The Circus Gardener's Kitchen

seasonal vegetarian recipes with a side helping of food politics

chestnut and chocolate tart

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Last month a rather bizarre court case commenced and ended abruptly in Los Angeles, USA.

On one side was the refined sugar industry, represented by a group of major sugar refining companies. On the other was a consortium of manufacturers of High Fructose Corn Syrup (HFCS), including global giants Cargill and Archer Daniels Midland.

The lawsuit brought by the sugar manufacturers claimed that the HFCS manufacturers were guilty of “false advertising” by claiming in advertisements that HFCS was just as “healthy” as sugar.

For their part, the HFCS companies had brought a counter-claim accusing the sugar industry of waging a “campaign of misinformation” about HFCS.

The truth is that neither product has even a remotely legitimate claim to be “healthy”. This dispute centred upon claims each side had made in advertisements, and had nothing to do with the alleged “health benefits” of either product.

Both are highly processed, going through a series of chemical and other treatments before finally getting into our food (in many cases finding their way in there without us realising). They even have a very similar chemical composition, the main difference being a slightly higher fructose content in HFCS. Both products are also heavily implicated in a number of chronic medical conditions of the modern world, including Type 2 diabetes, coronary heart disease, fatty liver disease and cancer.

The surreal court proceedings which briefly played out in a Los Angeles court seemed to have little connection to the real world, where both of these unhealthy products are making us ill. In the end, proceedings ended prematurely when the two sides reached an out of court settlement of their differences, the terms of which have not been disclosed.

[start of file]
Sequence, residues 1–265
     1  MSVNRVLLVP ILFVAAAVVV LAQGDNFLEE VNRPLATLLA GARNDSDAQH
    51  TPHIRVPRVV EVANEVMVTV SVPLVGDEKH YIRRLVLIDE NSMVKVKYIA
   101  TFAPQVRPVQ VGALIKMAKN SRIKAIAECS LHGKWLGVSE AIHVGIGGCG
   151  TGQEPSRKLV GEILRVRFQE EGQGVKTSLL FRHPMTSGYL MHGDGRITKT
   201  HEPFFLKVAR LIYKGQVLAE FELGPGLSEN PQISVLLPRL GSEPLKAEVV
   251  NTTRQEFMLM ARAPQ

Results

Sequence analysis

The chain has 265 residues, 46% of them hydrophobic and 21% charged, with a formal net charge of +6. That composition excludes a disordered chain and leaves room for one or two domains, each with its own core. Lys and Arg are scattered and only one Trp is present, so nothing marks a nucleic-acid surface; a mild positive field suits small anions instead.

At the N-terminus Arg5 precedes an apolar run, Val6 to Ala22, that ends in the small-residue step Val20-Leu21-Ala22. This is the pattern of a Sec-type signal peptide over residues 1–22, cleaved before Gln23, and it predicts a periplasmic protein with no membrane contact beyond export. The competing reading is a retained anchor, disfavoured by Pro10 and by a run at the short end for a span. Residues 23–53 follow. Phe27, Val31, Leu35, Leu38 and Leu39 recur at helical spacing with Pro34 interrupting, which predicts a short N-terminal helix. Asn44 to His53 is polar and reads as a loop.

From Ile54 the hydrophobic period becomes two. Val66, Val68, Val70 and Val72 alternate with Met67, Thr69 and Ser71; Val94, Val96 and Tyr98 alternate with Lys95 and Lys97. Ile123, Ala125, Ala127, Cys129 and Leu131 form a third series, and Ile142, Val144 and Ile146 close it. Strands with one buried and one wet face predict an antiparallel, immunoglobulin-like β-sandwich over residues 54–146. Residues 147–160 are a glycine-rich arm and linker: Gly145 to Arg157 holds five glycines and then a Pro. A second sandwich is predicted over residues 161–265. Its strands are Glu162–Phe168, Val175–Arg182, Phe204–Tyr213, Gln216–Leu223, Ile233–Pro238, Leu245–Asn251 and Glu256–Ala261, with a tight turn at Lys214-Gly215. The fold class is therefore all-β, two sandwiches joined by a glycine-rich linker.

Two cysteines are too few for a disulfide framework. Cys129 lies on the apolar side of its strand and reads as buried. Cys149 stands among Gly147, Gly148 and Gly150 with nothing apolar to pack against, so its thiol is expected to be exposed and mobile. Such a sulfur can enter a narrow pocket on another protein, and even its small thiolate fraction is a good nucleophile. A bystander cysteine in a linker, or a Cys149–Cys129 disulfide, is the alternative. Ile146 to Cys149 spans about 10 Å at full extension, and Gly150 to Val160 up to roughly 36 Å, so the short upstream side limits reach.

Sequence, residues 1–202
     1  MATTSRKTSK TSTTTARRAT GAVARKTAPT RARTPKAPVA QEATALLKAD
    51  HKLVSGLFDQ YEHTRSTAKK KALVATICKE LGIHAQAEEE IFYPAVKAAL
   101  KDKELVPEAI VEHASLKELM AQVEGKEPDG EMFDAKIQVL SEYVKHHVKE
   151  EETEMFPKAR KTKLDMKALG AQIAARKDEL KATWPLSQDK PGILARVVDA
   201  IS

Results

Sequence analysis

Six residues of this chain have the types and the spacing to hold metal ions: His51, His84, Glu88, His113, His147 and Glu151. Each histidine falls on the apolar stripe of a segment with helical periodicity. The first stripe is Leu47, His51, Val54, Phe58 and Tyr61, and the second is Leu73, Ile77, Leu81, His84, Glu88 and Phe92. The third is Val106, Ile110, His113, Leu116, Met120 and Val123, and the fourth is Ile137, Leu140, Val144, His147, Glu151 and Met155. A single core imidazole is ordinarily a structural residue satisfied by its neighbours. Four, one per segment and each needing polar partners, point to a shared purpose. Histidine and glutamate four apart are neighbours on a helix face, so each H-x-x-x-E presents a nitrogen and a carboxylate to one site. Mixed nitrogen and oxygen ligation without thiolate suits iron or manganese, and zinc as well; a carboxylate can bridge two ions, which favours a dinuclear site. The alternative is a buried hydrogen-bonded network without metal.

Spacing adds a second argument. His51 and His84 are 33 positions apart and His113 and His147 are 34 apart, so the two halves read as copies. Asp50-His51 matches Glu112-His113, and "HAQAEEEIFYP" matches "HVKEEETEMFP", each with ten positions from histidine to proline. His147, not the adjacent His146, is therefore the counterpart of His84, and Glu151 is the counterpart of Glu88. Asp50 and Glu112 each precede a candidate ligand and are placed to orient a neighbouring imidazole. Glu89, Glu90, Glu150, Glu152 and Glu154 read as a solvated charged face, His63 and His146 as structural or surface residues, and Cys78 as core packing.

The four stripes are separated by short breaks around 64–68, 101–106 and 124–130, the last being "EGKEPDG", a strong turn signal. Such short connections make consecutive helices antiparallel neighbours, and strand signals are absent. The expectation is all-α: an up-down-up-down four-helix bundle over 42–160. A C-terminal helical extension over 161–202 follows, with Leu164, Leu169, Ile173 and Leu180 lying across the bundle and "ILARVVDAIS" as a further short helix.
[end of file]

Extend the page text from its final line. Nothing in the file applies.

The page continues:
You might say that this was one dispute where neither side deserved to win, but there remains one loser when it comes to the real issue at stake: we consumers, who eat the unhealthy products made by these companies, and in the process store up serious health problems for ourselves for the future.

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This recipe is for a vegan version of a dessert that has been a family favourite for many years.

Using only dates and maple syrup for sweetness, this beautifully light tart requires no cooking and produces a perfect balance between the chestnut, chocolate and subsidiary flavours.

chestnut and chocolate tart


for the base
90 g organic dates, pitted
160 g organic almond kernels
40 g coconut oil, melted
10 g organic cocoa powder

for the filling
300 g chestnuts, cooked
300 g silken tofu
80 ml maple syrup
50 g odourless organic coconut oil, melted
1 tsp organic vanilla essence

for the chocolate topping
60 g vegan organic chocolate (at least 70% cocoa solids)
40 ml odourless organic coconut oil
20 ml maple syrup


1. For the base, place the almonds, dates, coconut oil and cocoa powder in a food processor and blend until the dates and almonds have broken down and the mixture has come together like a dough. Press this dough into the base of the cheesecake tin.